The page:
Registration Deadline: The NIH Policy on Dissemination of NIH-funded Clinical Trial Information applies to applications for funding submitted to NIH on or after 1/18/17. Registration is required no later than 21 days after the first patient is enrolled. The consent form for the trial is required to include the following language: “A description of this clinical trial will be available on http://www.ClinicalTrials.gov, as required by U.S. Law. This Website will not include information that can identify you. At most, the Website will include a summary of the results. You can search this Website at any time.”
According to the ICMJE:
A clinical trial is any research project that prospectively assigns people or a group of people to an intervention, with or without concurrent comparison or control groups, to study the cause-and-effect relationship between a health-related intervention and a health outcome. Health-related interventions are those used to modify a biomedical or health-related outcome; examples include drugs, surgical procedures, devices, behavioural treatments, educational programs, dietary interventions, quality improvement interventions, and process-of-care changes. Health outcomes are any biomedical or health-related measures obtained in patients or participants, including pharmacokinetic measures and adverse events. Those who are uncertain whether their trial meets the expanded ICMJE definition should err on the side of registration if they wish to seek publication in an ICMJE journal.
Registration Deadline: Registration at or before the time of first patient enrollment is as a condition of consideration for publication in an ICMJE journal.
According to the FDA:
The U.S. Department of Health and Human Services in September 2016 issued a final rule that specifies requirements for registering certain clinical trials and submitting summary results information to ClinicalTrials.gov. The new rule expands the legal requirements for submitting registration and results information for clinical trials involving U.S. Food and Drug Administration-regulated drug, biological, and device products. The FDA Amendments Act (Title VIII. Sec. 801) requires registration for all “applicable clinical trials,” including Federal, industry-sponsored, and investigator-initiated that are:
- Trials of drugs and biologics: Controlled, clinical investigations, other than Phase I investigations, of a product subject to FDA regulation, and
- Trials of devices: Prospective clinical studies of health outcomes comparing an intervention with a device against a control in human subjects (other than small clinical trials to determine the feasibility of a device, or clinical trials to test prototype devices where the primary outcome measure relates to feasibility and not to health outcomes); and pediatric postmarket surveillance studies, as required under the Federal Food, Drug and Cosmetic Act.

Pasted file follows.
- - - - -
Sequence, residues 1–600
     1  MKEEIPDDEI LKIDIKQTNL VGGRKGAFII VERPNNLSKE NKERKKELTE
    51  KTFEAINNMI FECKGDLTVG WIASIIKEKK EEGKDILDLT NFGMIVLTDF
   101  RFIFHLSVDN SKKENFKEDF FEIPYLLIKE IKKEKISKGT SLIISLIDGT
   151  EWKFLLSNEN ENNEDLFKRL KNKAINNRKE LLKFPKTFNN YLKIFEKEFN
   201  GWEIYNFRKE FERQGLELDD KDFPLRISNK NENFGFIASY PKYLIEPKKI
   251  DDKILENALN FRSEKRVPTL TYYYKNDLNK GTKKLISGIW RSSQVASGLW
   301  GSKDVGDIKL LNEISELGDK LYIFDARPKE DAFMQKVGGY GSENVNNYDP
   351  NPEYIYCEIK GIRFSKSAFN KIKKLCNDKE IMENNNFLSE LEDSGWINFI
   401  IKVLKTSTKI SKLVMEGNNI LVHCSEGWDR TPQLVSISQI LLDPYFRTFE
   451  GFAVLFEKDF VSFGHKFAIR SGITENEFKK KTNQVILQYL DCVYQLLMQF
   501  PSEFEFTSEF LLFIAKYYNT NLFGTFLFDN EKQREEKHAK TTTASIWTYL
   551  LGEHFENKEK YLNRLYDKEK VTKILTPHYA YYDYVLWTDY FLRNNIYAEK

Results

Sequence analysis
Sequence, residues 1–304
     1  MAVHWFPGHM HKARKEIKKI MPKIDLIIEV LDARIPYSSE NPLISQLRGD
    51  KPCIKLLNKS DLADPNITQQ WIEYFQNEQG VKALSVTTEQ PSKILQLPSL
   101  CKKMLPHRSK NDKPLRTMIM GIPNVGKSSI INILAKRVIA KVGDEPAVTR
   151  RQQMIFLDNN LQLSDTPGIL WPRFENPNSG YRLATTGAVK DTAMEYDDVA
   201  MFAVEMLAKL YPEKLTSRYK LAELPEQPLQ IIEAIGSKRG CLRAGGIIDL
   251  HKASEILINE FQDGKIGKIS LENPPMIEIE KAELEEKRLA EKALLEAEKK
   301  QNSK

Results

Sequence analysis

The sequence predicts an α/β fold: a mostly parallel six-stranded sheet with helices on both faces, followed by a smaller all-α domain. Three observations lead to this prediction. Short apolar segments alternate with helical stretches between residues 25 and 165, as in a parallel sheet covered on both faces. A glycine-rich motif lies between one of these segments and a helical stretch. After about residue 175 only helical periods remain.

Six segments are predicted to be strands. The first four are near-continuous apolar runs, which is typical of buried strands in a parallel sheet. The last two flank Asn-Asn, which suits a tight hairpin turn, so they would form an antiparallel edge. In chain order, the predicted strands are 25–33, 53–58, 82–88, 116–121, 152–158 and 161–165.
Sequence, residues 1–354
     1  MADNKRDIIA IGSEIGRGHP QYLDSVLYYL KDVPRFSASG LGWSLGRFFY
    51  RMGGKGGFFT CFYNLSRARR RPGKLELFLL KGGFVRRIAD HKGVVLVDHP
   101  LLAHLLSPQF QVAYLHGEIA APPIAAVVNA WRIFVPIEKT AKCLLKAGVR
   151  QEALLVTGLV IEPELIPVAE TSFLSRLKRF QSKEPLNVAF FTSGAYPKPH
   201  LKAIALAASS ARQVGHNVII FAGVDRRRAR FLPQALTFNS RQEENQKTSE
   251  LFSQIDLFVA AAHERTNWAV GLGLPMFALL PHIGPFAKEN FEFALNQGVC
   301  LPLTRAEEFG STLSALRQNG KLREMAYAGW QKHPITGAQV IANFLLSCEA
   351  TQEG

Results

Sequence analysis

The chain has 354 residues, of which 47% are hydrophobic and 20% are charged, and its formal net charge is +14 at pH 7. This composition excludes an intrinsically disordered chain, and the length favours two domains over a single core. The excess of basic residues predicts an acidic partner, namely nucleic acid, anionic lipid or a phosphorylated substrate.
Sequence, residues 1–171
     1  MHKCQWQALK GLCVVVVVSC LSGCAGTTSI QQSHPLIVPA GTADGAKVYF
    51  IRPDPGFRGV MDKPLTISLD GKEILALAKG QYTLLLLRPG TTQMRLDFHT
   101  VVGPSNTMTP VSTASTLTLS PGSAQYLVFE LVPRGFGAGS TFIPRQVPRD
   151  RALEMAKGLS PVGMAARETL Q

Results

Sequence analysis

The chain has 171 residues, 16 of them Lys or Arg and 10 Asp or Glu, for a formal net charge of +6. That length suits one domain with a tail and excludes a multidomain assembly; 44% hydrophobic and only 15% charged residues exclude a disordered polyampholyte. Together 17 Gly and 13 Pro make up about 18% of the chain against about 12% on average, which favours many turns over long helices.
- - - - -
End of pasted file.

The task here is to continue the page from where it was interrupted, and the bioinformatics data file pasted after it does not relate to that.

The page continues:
Registration Deadline: The FDA Amendments Act of 2007 requires that all trials, regardless of sponsor, must be registered in full no later than 21 days after the first patient was enrolled.
Who is responsible for registering a trial?
The PI is ultimately responsible for determining that registration requirements are met. Although some industry sponsors will do the actual registration work, it is still the PI’s responsibility to ensure that the registration has been accomplished and is accurate.
What are the penalties for failing to register?
According to the ICMJE:
Unregistered trials will not be considered for publication in journals that adhere to ICMJE standards. Questions about policies of a specific journal should be addressed to that journal directly. A list of journals whose editors or publishers have signed on to the ICMJE Uniform Requirements for Manuscripts Submitted to Biomedical Journals may be found at http://www.icmje.org/journals.html.
According to the FDA/NIH:
Penalties may include civil monetary penalties up to $11,805 fine for failing to submit or for submitting fraudulent information to ClinicalTrials.gov. After notification of noncompliance, the fine may go up to $11,805 per day until resolved. For federally funded grants, penalties may include the withholding or recovery of grant funds.
Who can help with questions about meeting the requirements?
Please contact the local Protocol Registration and Results System (PRS) Administrator for UConn, Ellen Ciesielski, Office of the Vice President for Research, Research Integrity and Compliance Services at 860-679-6004 for any questions related to ClinicalTrials.gov. The PRS Administrator serves as a point of contact for resolving requests by ClinicalTrials.gov and regularly monitors to promote compliance with the requirements.